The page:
NBC/WSJ POLL…. Some interesting data to chew on in a new NBC/WSJ poll released today. Most notably, there’s growing evidence that some of the voters who abandoned the Republican Party during their reign of error are returning home.
Republicans have solidified support among voters who had drifted from the party in recent elections, putting the GOP in position for a strong comeback in November’s mid-term campaign, according to a new Wall Street Journal/NBC News poll.
The findings suggest that public opinion has hardened in advance of the 2010 elections, making it tougher for Democrats to translate their legislative successes, or a tentatively improving U.S. economy, into gains among voters.
Republicans have reassembled their coalition by reconnecting with independents, seniors, blue-collar voters, suburban women and small town and rural voters — all of whom had moved away from the party in the 2006 elections, in which Republicans lost control of the House. Those voter groups now favor GOP control of Congress.
“This data is what it looks like when Republicans assemble what for them is a winning coalition,” said GOP pollster Bill McInturff, who conducts the survey with Democratic pollster Peter Hart.
The news for Republicans was not, however, all good. Only 30% of Americans have a favorable view of the GOP, quite a bit lower than the Democratic Party, and most of those planning to vote for Republican candidates are motivated by anti-Democratic attitudes, not support for the GOP.
What’s more, respondents were asked, “When it comes to the problems in the financial markets, do you think that [Republicans in Congress] are more concerned about the interests of average Americans or more concerned about the interests of large corporations?” A whopping 71% majority said the GOP are more concerned with big business.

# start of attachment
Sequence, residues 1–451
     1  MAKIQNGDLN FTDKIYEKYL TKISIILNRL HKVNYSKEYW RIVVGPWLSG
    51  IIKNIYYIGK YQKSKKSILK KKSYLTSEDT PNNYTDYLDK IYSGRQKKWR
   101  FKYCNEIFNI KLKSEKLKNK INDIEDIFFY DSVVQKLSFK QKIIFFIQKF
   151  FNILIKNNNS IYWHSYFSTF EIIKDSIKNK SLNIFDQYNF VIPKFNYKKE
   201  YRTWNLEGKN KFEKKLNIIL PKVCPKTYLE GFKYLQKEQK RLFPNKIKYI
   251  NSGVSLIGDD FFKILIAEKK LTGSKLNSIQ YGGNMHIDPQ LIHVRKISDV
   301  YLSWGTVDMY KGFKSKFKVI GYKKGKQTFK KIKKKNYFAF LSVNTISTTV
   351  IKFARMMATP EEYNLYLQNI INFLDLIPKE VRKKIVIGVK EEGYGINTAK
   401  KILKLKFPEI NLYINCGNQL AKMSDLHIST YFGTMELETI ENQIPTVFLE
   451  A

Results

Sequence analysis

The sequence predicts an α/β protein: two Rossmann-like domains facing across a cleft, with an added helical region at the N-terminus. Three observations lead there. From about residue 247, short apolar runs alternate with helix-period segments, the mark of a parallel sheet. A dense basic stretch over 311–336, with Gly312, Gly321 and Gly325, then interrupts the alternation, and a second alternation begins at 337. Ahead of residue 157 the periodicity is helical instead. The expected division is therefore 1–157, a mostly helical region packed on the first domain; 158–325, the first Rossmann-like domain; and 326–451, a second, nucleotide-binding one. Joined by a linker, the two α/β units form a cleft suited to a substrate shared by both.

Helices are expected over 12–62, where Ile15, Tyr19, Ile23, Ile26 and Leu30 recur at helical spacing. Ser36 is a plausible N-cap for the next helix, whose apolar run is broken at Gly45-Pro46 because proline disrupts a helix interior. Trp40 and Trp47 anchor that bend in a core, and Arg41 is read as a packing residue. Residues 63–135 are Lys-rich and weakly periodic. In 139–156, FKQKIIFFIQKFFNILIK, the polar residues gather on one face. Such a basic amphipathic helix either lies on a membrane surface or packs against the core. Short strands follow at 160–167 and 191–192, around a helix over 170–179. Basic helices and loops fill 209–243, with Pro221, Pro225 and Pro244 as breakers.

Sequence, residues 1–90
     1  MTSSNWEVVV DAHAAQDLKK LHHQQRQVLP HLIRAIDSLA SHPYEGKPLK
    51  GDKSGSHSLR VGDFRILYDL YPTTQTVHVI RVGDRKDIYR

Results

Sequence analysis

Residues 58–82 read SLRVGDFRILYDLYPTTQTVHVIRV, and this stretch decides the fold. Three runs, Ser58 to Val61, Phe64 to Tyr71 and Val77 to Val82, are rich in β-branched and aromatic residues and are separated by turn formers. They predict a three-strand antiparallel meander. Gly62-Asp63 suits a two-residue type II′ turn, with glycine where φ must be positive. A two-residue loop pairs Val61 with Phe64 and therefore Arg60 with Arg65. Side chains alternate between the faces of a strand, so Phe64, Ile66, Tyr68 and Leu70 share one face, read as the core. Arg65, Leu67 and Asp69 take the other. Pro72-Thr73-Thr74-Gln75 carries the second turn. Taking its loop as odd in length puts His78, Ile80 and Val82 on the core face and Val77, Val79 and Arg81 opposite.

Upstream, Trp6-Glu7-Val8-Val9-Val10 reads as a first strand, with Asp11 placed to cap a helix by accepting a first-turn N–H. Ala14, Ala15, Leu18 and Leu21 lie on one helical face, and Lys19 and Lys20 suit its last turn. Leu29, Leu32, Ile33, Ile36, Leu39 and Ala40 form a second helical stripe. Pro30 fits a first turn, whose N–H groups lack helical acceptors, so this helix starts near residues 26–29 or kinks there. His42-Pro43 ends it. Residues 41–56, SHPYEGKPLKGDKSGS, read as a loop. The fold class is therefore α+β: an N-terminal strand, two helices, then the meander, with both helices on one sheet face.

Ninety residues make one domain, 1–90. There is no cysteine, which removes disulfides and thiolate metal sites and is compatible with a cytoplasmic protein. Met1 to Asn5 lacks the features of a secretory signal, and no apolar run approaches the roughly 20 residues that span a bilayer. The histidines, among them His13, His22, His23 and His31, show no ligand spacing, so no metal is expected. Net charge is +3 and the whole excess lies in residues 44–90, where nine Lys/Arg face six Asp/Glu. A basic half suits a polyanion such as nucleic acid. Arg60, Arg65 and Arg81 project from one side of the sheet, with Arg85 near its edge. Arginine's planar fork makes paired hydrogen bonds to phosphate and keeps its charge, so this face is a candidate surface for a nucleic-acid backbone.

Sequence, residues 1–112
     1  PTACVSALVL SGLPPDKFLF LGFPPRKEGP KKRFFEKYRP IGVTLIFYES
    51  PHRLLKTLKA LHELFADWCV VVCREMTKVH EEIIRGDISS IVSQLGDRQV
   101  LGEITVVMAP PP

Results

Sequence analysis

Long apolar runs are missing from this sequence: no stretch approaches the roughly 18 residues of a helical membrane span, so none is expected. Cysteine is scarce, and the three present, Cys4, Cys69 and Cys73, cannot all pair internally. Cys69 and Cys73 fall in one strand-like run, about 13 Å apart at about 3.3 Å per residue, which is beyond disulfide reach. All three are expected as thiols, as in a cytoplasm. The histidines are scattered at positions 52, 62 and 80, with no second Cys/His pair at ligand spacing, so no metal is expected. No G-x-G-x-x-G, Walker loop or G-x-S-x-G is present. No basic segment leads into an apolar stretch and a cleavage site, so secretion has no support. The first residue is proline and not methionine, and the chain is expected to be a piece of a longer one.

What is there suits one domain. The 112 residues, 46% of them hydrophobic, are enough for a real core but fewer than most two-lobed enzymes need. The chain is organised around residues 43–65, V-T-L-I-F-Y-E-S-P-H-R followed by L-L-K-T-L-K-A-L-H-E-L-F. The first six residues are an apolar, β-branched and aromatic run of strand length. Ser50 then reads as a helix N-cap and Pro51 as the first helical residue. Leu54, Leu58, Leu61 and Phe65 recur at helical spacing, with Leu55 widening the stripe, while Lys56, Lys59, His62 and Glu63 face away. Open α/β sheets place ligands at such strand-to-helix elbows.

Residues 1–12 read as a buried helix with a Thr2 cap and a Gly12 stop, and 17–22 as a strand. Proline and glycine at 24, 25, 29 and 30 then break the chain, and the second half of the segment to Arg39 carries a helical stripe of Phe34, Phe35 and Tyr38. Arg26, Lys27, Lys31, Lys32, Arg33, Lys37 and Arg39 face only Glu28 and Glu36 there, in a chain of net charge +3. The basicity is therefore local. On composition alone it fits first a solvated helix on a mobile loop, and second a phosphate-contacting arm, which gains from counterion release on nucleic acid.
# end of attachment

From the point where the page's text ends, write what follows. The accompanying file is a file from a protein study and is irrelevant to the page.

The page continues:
Other tidbits from the poll:
* President Obama: The president’s approval rating inched up a little, and is now at 50%. Obama’s handling of the economy scored its best results since September.
* Generic Ballot: Dems and Republicans are tied at 44% each, roughly the same as its been for the last eight months.
* Enthusiasm Gap: Here’s a result that should make Dems nervous: “The voters who said they were most interested in the November elections favor Republican control of Congress by a 20-point margin, with 56% backing the GOP and 36% backing Democrats — the highest gap all year on that question.”
* Wall Street Reform: A 55% majority wants to see more done to protect consumers against Wall Street excesses, while 38% worry that officials will go too far and limit investment opportunities.
* Health care reform: The Affordable Care Act is still not popular, but support has grown and is now at its highest levels since the fall. More importantly, a 55% majority said they’re more likely to support congressional candidates who want to give the new law a chance to succeed, while 42% will back candidates who support a full repeal.
* Immigration: A 53% majority of the larger electorate believe immigration hurts the country more than it helps, and 64% support the new Arizona measure. (70% of Hispanic Americans oppose the Arizona law.)
* Oil drilling: A 60% majority supports more coastal drilling, and a slightly smaller majority believe the economic benefits outweigh the environmental risks.
* Fear of terrorism: Respondents were asked, “In general, do you approve or disapprove of using racial or ethnic profiling in combating terrorism?” A 51% majority said they approve.